Even seemingly healthy dogs may carry viruses. This means they may look and act healthy but still have the disease and can spread it to other dogs.
Young puppies don’t have fully developed immune systems, and thus are especially susceptible to illnesses. That’s why it’s important to never put your puppy on the ground in an unknown environment unless they’ve had all their vaccinations.
When Can Puppies Go Outside in the Yard?
Does waiting to go to the park mean that puppies can’t go outside at all until they’re fully vaccinated? Thankfully, no! Places such as private gardens and yards offer safe places for young puppies to explore on their own without running the risk of exposure to dangerous viruses.
A puppy can begin exploring your yard the day you bring them home. Becoming familiar with your yard or garden will be a necessary part of potty training. Here, a young puppy doesn’t run the risk of contracting an illness spread by an unvaccinated dog.
Taking your puppy out for a walk should be delayed until they are fully covered by all their vaccines. There’s always the chance that an unvaccinated dog sniffed the same section of grass your puppy will want to roll in.
This seemingly small action can result in your puppy coming into contact with a dangerous virus.
As mentioned previously though, your young puppy doesn’t need much exercise. Most veterinarians agree, puppies are fully vaccinated by 16 weeks of age, which is when they can exercise for about 20 minutes at a time. Up to this point, the exercise needs of your puppy can be met with within the safety of your home or yard.
When Can My Puppy Go Outside – The Social Point of View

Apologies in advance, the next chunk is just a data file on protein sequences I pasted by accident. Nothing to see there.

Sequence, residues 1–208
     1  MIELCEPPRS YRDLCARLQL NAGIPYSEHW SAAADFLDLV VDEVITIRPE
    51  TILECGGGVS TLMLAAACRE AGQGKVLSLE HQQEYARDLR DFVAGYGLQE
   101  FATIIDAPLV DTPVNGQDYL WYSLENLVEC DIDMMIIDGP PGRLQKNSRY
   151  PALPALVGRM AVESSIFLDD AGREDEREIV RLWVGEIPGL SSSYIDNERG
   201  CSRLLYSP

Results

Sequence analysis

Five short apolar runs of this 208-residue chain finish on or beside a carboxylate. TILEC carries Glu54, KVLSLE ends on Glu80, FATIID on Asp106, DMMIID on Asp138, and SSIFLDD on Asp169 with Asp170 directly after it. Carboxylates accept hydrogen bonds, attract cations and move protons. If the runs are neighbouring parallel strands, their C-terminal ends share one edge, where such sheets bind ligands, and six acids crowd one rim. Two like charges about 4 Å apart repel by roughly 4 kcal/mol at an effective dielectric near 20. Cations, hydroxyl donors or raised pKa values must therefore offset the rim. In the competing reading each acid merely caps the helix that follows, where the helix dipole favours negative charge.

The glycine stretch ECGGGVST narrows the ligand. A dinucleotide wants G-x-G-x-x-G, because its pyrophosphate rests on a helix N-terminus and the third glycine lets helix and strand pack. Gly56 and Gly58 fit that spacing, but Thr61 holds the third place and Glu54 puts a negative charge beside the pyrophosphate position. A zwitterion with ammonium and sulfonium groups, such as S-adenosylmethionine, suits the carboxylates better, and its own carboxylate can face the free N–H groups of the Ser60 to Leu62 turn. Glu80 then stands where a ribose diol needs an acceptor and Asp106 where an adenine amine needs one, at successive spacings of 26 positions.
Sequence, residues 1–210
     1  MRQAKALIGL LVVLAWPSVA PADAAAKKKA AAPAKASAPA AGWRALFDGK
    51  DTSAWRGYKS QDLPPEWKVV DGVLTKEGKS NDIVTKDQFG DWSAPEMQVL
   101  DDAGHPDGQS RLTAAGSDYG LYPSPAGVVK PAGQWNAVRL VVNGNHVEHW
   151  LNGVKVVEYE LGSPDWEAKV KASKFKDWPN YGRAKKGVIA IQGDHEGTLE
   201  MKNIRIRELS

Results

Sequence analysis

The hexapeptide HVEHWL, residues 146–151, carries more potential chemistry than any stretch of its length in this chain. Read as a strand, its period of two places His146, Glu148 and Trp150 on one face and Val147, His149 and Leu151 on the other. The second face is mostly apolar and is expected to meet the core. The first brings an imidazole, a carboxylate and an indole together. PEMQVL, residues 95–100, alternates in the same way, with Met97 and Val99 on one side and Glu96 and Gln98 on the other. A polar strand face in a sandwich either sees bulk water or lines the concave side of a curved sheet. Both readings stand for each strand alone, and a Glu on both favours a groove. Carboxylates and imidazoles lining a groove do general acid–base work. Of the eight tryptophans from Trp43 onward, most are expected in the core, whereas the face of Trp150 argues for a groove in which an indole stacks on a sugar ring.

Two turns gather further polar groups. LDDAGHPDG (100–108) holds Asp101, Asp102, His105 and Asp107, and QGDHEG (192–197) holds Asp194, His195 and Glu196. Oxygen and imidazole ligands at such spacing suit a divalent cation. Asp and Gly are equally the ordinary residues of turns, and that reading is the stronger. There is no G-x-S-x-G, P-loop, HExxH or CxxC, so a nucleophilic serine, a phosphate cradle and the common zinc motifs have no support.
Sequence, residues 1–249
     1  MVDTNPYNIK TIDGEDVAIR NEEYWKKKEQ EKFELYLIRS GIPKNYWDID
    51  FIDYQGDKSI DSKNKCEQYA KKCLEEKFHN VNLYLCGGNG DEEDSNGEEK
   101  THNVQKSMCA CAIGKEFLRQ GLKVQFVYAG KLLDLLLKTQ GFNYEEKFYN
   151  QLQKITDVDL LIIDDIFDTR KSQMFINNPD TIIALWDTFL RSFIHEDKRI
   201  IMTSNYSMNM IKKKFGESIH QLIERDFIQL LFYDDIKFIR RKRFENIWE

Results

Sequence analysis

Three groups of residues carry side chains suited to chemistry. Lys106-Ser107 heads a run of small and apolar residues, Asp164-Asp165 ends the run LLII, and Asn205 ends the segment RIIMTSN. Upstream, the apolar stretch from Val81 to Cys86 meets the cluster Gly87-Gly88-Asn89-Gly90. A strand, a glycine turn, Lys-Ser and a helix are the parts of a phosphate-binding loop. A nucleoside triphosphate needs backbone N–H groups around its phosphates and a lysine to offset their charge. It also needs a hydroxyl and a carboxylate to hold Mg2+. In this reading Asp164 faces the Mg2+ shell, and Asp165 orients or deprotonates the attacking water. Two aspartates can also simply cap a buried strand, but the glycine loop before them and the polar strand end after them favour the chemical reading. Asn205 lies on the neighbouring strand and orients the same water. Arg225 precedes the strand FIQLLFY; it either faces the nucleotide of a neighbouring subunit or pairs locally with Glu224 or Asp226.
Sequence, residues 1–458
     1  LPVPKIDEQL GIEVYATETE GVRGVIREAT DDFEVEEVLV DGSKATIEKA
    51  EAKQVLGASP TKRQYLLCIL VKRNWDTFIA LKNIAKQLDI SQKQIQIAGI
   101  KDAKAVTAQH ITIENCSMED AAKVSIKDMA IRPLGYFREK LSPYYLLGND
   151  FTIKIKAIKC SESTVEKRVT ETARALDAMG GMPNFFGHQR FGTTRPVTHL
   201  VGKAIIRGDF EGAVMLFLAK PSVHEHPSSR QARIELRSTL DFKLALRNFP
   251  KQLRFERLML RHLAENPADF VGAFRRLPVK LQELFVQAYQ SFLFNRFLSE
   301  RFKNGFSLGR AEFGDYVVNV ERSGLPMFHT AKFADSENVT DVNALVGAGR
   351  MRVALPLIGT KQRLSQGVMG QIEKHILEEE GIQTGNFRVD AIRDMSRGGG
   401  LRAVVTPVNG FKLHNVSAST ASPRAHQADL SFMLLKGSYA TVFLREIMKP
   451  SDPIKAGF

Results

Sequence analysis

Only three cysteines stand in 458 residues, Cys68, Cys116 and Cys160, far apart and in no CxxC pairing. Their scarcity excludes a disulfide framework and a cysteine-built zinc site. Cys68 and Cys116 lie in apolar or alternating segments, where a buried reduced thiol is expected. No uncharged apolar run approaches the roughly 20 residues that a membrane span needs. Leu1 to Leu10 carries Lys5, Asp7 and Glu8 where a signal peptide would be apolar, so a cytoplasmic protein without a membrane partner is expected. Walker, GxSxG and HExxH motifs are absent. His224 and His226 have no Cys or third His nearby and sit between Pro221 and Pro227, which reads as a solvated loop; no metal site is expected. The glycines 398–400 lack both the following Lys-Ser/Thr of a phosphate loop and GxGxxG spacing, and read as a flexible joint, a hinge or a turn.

Keeping your puppy safe doesn’t mean he or she can’t start socializing right away. If you’re going to meet Dr. Ian Dunbar’s suggestion of one hundred people by the time your puppy is 16 weeks old, your puppy will need to be meeting twelve people a week.
Unless you’re throwing parties every week, it will be hard to meet this goal without your puppy leaving the house.
Pet-friendly stores offer excellent opportunities for your puppy to meet more people. And it’s less likely your puppy will come into direct contact with another dog at these locations. But it still isn’t safe to put your puppy on the ground if there is any chance of coming into contact with another dog.
Parvovirus can remain alive for up to one year in a non-living environment, so even if you don’t see another dog, it’s still safer to carry your puppy. As your puppy builds up immunity through vaccines and natural exposure, talk to your vet about safe places you can start letting your puppy explore as they age.
When Can Puppies Go Outside On The Ground?
I’ve heard many vets suggest the chances of contracting illnesses on the floor at a veterinary office are slim. That’s because it is highly unlikely an unvaccinated dog has been there recently. So this can be a great place to sniff around and meet people who love dogs!
Always double check with your vet, though. The chance of contracting a virus preventable by a vaccine is low at a veterinary clinic, but your veterinarian will be able to tell you for sure if the area is safe or not.
Even if your veterinarian suggests you hold your puppy rather than put him or her on the ground, it’s still a great place to meet new humans.
When I worked at a veterinary clinic, the best part of my day was always meeting a new puppy. I’m sure the receptionists, vet techs, and anyone else working at the clinic will be ecstatic about cuddling your young puppy while you fill out paperwork!
Vaccination schedules can take up to four visits for a young puppy making your veterinarian’s office a staple in your puppy’s social life.
When Can My Puppy Meet New People?
It’s important to ensure your puppy experiences different types of people. Children of all ages, tall people, people with hats and sunglasses, people in uniforms, and people with disabilities should all be your puppy’s list of people to meet during socialization.
We’ve all heard stories of dogs who just don’t like men, or people with short hair, or dogs who are afraid of wheelchairs.
Early socialization is the best chance of making sure your puppy doesn’t develop these fears. Dog-friendly hardware stores make an excellent destination for a young puppy.